Last month I had the opportunity to travel to Israel as part of the Jewish Community Relations Council’s Learning Exchange Program. The program was for non profit leaders in Boston and included a tour of Israel and then a three day seminar with nonprofit leaders from Boston’s sister city of Haifa. The program gave us an opportunity to learn about Israel, with a particular focus on how non-profit social justice and community service organizations are working to build a stronger civil society in that country. Our peers in Haifa will be visiting us in Boston in May as part of the program.
The trip was fascinating and eye opening as we had the opportunity to meet with a diverse group of people, including Palestinians activists in East Jerusalem, Government officials from the Foreign Ministry, leaders of nonprofit organizations, representatives from mainline Jewish Organizations, educators, and Arab leaders from inside Israel. As a Jew, a life-long Zionist, and someone who has visited Israel many times as a tourist and to see family, it was an entirely new experience to travel with a group of mostly non-Jews and to meet such a cross section of Israeli society. I alternatively felt sadness and joy, defensiveness and pride, confusion and insight, frustration and hope. And sometimes, I felt all of those things at the same time!
Perhaps the most interesting aspect for me was to meet with community development advocates in Haifa and Tel Aviv. In Haifa, I met with leaders in the Hadar neighborhood, a diverse, historic and struggling neighborhood in the heart of the city. Hadar used to be the economic center of Haifa, but much of the middle class has left. The neighborhood is now home to a mix of long time Israel residents (called Veterans), recent Jewish immigrants from the former Soviet Union and Ethiopia, Arabs and migrant workers from Asia. Many of the buildings are in disrepair and there is a need to attract more families to the area. The neighborhood has many of the same qualities of diverse neighborhoods in Massachusetts, but it also struggles with finding ways for a diverse population to live together with respect and peace.
I also toured Yaffo neighborhood of Tel Aviv. Yaffo used to be an independent city until 1948 when Israel won its independence. Before 1948, Yaffo was home to 100,000 Arabs, but after the war only about 4,000 remained as the rest fled to other towns in Israel, Jordon, Egypt Lebanon, and elsewhere. Those who remained were allowed to live as tenants in buildings that were now owned by the Israel government. However, those tenant rights do not extend to the 3rd generation and now, 60 years later, many of these families no longer have the legal right to remain. Market forces are also driving out many families as Yaffo sits directly on the Mediterranean Sea and new homes can cost several million dollars each. A group of Jewish and Arab residents, lawyers and planners are fighting to prevent displacement and widespread gentrification and to retain the Arab culture and history of the City.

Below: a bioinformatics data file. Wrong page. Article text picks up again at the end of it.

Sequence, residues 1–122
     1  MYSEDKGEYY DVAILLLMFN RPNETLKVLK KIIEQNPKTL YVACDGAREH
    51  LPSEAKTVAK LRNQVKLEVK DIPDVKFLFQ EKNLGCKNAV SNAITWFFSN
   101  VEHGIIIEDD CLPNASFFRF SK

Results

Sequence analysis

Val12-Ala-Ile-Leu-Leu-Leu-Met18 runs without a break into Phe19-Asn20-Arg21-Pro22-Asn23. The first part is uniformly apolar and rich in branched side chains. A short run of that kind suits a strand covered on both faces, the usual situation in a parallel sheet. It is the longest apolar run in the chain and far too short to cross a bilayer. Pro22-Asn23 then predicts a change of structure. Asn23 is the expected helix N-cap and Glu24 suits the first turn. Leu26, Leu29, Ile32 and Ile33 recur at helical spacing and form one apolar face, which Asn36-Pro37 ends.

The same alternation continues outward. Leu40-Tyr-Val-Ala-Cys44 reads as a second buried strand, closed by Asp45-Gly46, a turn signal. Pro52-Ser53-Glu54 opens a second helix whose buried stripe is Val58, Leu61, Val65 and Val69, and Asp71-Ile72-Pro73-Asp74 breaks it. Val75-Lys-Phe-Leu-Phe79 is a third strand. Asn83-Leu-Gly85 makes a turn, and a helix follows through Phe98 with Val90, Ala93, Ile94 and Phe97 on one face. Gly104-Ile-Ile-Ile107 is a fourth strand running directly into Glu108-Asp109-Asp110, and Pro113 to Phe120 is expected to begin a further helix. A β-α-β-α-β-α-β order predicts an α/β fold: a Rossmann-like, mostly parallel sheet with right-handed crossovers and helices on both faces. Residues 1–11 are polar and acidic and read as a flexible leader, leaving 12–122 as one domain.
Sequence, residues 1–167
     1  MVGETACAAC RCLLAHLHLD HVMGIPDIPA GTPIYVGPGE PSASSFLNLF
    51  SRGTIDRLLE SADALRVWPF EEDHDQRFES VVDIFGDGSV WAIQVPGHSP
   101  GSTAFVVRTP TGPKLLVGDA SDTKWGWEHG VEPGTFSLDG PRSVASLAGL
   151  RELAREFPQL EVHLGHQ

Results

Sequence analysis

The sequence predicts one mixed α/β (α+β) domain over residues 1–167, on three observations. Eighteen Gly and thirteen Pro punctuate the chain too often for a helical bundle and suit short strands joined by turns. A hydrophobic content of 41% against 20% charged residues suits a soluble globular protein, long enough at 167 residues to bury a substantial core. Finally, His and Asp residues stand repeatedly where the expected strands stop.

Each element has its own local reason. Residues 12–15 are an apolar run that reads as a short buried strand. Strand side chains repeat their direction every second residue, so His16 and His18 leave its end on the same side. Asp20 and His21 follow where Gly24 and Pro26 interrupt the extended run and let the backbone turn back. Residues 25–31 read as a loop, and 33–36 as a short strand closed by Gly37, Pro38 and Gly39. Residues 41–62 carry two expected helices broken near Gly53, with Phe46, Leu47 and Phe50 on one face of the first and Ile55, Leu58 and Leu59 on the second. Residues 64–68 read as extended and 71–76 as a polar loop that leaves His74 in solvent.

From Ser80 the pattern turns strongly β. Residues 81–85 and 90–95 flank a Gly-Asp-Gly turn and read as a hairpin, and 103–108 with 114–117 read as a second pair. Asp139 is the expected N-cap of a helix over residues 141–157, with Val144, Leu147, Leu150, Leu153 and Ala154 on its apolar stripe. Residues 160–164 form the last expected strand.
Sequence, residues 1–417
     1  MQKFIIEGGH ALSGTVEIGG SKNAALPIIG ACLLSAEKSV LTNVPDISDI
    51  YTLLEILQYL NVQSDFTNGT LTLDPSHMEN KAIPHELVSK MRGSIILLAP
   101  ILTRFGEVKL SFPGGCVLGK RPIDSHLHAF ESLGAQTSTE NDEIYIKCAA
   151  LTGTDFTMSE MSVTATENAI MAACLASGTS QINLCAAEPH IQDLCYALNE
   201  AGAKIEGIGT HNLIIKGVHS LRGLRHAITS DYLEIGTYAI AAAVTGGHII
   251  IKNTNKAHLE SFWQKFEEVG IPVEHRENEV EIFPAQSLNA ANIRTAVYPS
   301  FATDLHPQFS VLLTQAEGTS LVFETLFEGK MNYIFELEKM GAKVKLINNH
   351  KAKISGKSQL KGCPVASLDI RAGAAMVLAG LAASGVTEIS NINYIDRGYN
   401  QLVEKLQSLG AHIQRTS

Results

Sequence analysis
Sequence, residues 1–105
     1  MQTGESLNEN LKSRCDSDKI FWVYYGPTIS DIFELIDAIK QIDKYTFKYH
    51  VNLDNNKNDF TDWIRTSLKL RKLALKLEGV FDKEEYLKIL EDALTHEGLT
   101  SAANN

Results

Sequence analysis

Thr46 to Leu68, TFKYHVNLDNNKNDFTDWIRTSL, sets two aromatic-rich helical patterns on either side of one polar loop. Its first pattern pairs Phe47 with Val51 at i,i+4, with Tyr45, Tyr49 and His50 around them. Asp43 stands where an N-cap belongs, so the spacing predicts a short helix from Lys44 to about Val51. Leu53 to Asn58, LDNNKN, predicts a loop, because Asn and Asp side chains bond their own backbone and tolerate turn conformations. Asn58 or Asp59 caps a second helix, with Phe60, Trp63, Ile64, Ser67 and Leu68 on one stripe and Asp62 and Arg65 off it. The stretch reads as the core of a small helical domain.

Community Development work is hard in Massachusetts but the challenges in Israel are even harder as they exist within a broader conflict and tension. While Arabs are full legal citizens, they attend separate schools, and often feel apart from the Israeli culture and society. On many occasions, we heard Arab people say that they want their history and story heard and recognized, even if it can’t be changed.
There are no CDCs in Hadar, Yaffo or anywhere in Israel. Local community groups provide many of the services that CDCs provide here in Boston, but non-profit organizations are not yet in the housing and redevelopment business and there is a growing desire to create community-led institutions that can lead positive development, build affordable housing, renovate dilapidated properties, preserve tenancies, and help some tenants become homeowners.
Activists in Hadar, Yaffo and elsewhere are looking to the United States for lessons. A team of 15 Israeli activists, lawyers, scholars and government officials visited Boston last week to learn more about the community development system here in Massachusetts. They met with several MACDC members and allies to learn about our system and to begin thinking about how to develop their own in Israel. Judging from the discussions we had, I think we helped inspire them to move forward with building a non-profit affordable housing and community development sector.
As for the broader conflict, I won’t try to say anything profound or insightful. I don’t think 12 days in Israel qualify me to offer anything new to what has been said by others more knowledgeable. However, on a personal level I left feeling optimistic because I had the great privilege to meet many brave people – Jews, Arabs and Palestinians -- who yearn for peace, who want to live together with dignity and justice for all, and who are dedicating their lives to creating a new reality for their children.
If you want to see some of my pictures and learn more, join me for a brown bag lunch at the MACDC office, 15 Court Sq. on Wednesday, March 3 at 12:00pm.